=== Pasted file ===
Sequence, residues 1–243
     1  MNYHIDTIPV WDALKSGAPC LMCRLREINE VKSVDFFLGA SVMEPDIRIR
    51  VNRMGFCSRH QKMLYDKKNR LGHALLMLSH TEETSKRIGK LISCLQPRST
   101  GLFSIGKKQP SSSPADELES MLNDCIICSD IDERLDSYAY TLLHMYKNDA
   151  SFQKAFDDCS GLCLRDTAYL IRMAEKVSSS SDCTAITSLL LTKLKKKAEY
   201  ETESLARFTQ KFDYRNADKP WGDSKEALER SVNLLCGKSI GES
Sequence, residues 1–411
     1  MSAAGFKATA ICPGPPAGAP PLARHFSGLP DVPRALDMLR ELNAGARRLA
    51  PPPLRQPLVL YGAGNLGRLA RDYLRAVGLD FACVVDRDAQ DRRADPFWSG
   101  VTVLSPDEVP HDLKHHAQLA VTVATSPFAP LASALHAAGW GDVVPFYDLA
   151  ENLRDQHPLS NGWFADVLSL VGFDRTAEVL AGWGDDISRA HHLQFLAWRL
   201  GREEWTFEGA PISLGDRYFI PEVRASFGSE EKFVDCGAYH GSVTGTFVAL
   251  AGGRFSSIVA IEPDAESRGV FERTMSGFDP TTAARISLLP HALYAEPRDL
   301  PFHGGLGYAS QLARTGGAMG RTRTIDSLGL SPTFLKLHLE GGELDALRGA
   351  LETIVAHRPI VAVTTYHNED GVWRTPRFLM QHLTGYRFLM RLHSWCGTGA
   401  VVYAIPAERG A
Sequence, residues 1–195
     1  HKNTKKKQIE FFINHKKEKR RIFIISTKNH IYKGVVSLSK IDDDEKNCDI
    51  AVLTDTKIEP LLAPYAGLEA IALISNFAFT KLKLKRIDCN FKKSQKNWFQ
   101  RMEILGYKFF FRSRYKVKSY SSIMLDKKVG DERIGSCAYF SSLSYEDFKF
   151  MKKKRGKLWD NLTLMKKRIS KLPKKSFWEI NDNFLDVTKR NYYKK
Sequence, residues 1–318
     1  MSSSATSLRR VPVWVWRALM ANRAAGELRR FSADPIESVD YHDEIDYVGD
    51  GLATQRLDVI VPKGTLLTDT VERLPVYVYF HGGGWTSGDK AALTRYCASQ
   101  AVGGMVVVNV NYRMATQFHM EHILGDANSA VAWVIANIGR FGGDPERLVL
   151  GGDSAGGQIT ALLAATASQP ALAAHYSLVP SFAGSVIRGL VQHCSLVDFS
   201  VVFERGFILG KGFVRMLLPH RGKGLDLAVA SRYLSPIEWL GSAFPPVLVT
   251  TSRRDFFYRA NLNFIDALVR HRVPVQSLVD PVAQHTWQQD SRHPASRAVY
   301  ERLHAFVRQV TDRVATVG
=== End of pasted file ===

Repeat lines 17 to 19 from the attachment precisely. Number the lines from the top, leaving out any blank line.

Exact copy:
Sequence, residues 1–195
     1  HKNTKKKQIE FFINHKKEKR RIFIISTKNH IYKGVVSLSK IDDDEKNCDI
    51  AVLTDTKIEP LLAPYAGLEA IALISNFAFT KLKLKRIDCN FKKSQKNWFQ